Note, there are an unlimited number of methods of determining the approximated inverse rate used in a particular embodiment, and the method used might vary for different items within the same scheduler. In one embodiment, for example, extra error is purposefully included in the inverse rate and/or quantum value, with, the fix-up adjustment value compensating for such induced error once each quantum. Also, in one embodiment, a fix-up adjustment value is applied two or more times each quantum, and in one embodiment, the multiple fix-up values applied for a quantum might be different values. In one embodiment, the fix-up adjustment value is applied once each quantum with a second fix-up adjustment value being applied every nth quantum to provide additional accuracy In one embodiment, there may be more than two levels of fix-up adjustments applied. These examples illustrate just a few of an unlimited number of such possible variations used in one embodiment in keeping within the scope and spirit of the invention.

FIG. 3B illustrates an exemplary resultant set of approximated inverse rates, fix-up adjustment values, and a quantum values for various target rates used in conjunction with one embodiment. As shown, a 10 KB MTU and 8192 slots are used.

FIG. 4A is a block diagram of a system to perform the rate computations and/or determination of approximated inverse rates, fix-up adjustment values, and a quantum values used in one embodiment. In one embodiment, system or component 400 performs one or more processes corresponding to one of the flow diagrams illustrated or otherwise described herein.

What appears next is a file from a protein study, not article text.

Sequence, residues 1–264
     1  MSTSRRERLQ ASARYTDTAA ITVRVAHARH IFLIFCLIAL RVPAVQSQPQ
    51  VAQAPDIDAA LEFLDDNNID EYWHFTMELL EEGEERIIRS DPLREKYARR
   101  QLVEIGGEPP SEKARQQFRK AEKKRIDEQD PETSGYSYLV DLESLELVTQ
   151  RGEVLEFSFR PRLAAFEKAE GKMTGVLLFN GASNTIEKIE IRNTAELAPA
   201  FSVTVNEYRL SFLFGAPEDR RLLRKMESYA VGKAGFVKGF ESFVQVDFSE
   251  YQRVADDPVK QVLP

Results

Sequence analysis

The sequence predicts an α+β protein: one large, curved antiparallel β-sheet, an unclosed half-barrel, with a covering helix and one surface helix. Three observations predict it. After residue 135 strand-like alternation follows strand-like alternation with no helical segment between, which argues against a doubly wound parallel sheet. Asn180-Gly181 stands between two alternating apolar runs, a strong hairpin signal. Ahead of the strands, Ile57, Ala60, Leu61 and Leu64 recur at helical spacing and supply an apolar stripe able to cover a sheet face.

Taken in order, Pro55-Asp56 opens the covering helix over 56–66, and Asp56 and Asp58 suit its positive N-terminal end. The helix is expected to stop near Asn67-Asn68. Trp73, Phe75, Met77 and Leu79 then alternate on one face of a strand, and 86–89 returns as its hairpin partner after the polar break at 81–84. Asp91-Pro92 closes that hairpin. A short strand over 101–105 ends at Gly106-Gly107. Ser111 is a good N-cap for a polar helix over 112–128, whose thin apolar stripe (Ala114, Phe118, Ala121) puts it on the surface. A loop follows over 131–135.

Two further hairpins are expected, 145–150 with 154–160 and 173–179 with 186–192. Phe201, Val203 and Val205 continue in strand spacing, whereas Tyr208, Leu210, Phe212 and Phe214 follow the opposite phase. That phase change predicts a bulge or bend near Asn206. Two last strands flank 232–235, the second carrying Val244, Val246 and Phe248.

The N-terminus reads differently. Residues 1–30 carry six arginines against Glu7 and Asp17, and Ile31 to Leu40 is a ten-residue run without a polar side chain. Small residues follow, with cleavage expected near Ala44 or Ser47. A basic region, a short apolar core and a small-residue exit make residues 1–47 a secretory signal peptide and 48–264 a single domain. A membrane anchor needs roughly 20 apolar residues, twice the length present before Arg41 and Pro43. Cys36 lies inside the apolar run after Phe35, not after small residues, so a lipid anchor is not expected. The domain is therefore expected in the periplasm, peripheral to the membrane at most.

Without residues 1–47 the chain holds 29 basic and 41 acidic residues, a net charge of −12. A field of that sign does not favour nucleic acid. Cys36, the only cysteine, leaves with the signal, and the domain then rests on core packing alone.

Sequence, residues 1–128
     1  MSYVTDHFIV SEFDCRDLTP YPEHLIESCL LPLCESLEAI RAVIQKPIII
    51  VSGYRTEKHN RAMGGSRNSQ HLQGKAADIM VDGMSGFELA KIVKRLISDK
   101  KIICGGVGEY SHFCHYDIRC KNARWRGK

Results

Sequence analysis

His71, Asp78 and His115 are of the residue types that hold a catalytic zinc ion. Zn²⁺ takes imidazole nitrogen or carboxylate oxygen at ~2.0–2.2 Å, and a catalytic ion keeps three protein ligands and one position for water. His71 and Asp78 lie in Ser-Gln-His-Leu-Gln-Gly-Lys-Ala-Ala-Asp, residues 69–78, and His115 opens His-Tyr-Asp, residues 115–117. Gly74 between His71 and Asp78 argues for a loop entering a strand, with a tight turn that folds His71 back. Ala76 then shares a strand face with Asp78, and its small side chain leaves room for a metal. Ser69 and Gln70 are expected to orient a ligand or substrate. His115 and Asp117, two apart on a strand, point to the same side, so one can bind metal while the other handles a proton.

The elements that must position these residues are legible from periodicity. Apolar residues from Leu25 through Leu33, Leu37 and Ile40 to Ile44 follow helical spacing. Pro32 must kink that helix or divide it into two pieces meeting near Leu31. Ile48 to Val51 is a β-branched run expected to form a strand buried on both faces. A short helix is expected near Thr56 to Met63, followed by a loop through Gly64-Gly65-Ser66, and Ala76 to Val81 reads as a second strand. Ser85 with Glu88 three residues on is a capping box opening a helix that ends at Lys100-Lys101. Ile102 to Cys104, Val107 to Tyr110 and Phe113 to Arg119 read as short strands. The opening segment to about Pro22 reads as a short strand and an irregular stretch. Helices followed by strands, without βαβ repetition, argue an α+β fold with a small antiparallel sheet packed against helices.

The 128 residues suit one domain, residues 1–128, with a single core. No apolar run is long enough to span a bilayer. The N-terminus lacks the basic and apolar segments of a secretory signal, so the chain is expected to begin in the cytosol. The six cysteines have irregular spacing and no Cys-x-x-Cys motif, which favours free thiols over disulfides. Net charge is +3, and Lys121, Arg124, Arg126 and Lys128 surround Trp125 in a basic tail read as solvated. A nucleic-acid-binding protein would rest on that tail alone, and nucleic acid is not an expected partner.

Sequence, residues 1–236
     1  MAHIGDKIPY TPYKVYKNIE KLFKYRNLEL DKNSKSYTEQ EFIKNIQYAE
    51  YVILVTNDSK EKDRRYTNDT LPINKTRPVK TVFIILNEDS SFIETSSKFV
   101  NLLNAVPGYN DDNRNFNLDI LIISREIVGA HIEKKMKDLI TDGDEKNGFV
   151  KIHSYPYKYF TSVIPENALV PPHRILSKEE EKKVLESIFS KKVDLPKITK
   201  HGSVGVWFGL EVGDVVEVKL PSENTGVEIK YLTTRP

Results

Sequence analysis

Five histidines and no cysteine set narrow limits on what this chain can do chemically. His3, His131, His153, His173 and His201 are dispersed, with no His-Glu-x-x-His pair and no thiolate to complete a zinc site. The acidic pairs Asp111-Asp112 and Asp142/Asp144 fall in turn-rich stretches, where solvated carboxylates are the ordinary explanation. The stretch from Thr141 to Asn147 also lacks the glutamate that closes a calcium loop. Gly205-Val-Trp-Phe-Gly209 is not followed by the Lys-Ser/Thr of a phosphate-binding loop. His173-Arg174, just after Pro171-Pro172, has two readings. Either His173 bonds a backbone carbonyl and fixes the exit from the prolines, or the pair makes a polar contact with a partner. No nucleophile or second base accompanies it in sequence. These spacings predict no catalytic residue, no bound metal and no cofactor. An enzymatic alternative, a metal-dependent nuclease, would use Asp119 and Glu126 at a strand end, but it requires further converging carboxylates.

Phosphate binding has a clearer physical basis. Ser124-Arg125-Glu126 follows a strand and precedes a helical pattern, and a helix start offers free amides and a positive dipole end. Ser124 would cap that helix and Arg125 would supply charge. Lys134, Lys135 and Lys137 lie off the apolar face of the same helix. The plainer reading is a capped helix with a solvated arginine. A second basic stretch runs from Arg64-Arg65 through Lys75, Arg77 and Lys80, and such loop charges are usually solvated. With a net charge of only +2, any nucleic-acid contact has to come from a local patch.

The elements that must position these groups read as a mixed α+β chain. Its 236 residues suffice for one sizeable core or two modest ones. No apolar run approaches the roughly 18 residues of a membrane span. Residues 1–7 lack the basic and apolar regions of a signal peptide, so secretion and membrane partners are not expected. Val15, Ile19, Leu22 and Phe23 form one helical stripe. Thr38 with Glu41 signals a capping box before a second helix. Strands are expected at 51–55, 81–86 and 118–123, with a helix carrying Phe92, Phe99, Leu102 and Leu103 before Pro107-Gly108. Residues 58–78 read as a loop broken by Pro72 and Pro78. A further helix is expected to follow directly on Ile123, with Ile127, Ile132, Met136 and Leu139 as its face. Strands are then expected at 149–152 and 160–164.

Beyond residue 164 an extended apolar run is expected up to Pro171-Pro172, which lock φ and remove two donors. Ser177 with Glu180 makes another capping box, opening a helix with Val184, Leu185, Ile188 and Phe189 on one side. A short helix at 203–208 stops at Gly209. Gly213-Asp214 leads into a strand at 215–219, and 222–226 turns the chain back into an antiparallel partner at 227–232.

In one embodiment, component 400 includes a processing element 401, memory 402, storage devices 403, and an interface 404 for sending and receiving packets, items, and/or other information, which are typically coupled via one or more communications mechanisms 409 (shown as a bus for illustrative purposes.) Various embodiments of component 400 may include more or less elements. The operation of component 400 is typically controlled by processing element 401 using memory 402 and storage devices 403 to perform one or more tasks or processes. Memory 402 is one type of computer-readable medium, and typically comprises random access memory (RAM), read only memory (ROM), flash memory, integrated circuits, and/or other memory components. Memory 402 typically stores computer-executable instructions to be executed by processing element 401 and/or data which is manipulated by processing element 401 for implementing functionality in accordance with an embodiment. Storage devices 403 are another type of computer-readable medium, and typically comprise solid state storage media, disk drives, diskettes, networked services, tape drives, and other storage devices. Storage devices 403 typically store computer-executable instructions to be executed by processing element 401 and/or data which is manipulated by processing element 401 for implementing functionality in accordance with an embodiment.